Arielle: Camera?  Do you have a camera?
Volunteer: Camera?  Camera?  (He still did not understand.  At this moment, he turned his head around to the middle-aged woman and said in putonghua, "I forgot what this term means.")

Seeing that it was difficult to communicate this term, Arielle departed from my script and asked where she could buy a postcard.  She wanted to buy postcards showing nice scenery.

After repeating "postcard" several times, the guy probably remembered the term "post office."  He used a mixture of Chinese and English: 那个什么Postoffice,哦,follow me." (translation: "That whatever post office, oh, follow me.")

Although the guy did not speak English well, he took Arielle to the post office and helped her pick postcards.

When Arielle sauntered out of the post office to find me, she raised her thumb up and said: "Very nice guy."

When the test was over, this American couple both said: "They are so warm and friendly."  The friendliness of the volunteers made Cullen feel embarrassed for going too far to test them.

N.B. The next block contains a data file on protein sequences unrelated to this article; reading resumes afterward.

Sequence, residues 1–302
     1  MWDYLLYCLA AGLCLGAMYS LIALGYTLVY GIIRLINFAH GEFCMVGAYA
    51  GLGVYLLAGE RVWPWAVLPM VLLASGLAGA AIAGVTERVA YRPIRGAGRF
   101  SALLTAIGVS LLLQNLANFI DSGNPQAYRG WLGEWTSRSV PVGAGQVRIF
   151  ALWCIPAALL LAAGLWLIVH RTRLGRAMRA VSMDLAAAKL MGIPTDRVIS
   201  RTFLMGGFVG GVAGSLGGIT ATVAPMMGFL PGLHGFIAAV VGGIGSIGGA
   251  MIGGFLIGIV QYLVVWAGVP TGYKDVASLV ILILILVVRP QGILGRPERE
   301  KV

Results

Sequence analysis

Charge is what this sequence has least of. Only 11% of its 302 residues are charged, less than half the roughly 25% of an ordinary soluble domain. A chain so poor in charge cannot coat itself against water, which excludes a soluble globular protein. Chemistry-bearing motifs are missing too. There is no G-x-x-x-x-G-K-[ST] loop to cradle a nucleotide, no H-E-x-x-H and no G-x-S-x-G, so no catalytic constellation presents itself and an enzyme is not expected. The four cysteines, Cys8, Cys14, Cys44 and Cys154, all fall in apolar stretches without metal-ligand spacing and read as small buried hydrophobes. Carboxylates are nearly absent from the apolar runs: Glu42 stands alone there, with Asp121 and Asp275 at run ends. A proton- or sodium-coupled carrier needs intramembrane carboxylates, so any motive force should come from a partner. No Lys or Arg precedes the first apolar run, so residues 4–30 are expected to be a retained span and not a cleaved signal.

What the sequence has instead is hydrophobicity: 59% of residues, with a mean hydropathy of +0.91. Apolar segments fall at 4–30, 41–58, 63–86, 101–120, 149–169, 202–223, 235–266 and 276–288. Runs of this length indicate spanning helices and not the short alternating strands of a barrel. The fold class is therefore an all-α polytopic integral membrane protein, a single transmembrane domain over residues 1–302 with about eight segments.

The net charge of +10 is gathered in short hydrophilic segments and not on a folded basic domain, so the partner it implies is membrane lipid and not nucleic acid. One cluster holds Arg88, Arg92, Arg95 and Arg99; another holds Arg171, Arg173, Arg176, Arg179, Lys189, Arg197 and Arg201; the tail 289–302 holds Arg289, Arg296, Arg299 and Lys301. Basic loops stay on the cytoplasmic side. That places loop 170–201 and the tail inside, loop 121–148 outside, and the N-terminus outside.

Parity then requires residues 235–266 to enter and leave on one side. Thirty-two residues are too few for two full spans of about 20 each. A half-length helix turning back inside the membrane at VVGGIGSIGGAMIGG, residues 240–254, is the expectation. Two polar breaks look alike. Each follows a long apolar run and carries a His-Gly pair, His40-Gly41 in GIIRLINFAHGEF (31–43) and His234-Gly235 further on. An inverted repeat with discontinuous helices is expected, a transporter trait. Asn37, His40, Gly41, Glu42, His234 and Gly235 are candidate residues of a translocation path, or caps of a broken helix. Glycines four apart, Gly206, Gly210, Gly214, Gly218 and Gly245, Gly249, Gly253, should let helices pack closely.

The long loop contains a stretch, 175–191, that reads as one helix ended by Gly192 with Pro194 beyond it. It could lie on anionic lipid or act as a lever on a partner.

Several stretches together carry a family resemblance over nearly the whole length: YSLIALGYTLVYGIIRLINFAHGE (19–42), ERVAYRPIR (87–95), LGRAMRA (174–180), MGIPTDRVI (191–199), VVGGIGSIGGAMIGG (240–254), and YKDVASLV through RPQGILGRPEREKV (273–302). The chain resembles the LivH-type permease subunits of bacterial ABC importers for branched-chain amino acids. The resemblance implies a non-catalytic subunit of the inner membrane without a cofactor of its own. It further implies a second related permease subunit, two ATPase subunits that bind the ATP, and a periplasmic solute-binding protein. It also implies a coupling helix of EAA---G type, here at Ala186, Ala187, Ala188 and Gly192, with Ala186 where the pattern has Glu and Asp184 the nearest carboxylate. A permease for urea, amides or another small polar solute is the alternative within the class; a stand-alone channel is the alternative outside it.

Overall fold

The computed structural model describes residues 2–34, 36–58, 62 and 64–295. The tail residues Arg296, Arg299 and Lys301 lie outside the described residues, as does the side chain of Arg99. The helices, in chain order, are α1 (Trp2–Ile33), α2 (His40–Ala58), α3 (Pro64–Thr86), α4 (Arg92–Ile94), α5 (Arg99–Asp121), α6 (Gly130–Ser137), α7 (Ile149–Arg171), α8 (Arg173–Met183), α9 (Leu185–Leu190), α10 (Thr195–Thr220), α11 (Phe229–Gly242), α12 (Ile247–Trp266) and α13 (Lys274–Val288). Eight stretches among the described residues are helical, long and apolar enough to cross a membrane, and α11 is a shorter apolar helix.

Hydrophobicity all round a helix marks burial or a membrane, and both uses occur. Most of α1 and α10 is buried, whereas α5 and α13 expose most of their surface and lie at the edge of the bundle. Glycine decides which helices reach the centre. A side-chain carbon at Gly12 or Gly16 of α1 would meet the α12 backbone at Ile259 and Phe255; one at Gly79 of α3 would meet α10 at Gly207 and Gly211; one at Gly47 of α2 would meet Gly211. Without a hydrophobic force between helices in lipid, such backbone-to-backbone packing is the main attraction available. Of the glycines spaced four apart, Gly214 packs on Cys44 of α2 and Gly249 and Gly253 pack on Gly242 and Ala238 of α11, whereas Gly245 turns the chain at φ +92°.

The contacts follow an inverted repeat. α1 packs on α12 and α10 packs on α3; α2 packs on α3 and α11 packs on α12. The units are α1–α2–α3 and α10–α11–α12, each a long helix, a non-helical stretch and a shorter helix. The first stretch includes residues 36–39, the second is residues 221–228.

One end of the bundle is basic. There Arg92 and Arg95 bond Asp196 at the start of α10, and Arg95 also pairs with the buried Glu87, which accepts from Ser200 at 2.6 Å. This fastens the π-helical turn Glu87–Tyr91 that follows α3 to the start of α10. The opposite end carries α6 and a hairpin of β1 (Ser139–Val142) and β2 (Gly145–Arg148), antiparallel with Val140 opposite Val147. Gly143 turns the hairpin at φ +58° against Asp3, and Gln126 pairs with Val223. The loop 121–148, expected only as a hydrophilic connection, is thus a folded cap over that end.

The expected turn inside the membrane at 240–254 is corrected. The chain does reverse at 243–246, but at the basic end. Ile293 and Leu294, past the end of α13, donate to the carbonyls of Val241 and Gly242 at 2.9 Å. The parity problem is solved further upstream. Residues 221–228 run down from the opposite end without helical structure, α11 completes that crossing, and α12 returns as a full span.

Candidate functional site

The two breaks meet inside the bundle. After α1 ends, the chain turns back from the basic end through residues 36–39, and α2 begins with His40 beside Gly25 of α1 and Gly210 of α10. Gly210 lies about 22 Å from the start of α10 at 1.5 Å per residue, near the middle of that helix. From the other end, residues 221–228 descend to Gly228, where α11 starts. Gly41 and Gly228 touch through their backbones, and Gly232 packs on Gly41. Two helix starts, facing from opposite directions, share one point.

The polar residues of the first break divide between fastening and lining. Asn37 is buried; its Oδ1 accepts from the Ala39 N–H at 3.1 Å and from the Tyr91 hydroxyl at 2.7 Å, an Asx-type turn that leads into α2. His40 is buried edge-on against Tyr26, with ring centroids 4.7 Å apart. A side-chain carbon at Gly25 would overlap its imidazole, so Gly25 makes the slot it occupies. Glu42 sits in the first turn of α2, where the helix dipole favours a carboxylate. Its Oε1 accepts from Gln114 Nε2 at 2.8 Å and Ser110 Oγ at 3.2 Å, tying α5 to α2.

Actually, I find the volunteers to be very cute.  When they can't find the English words, Chinese words pop out.  This reminded me of my own English-language lessons at university.

Cullen comes to ask for directions at the volunteers' booth at the Metro

Cullen asked about how to go to Yuhuanlu
(actually, it is Yuquanlu but he deliberately misspoke)

Once the volunteer figured out that it was really Yuquanlu,
she began to draw a map with English annotations

Cullen leaves satisfied with map in hand

He returns and pretends that he did not know to buy a Metro ticket.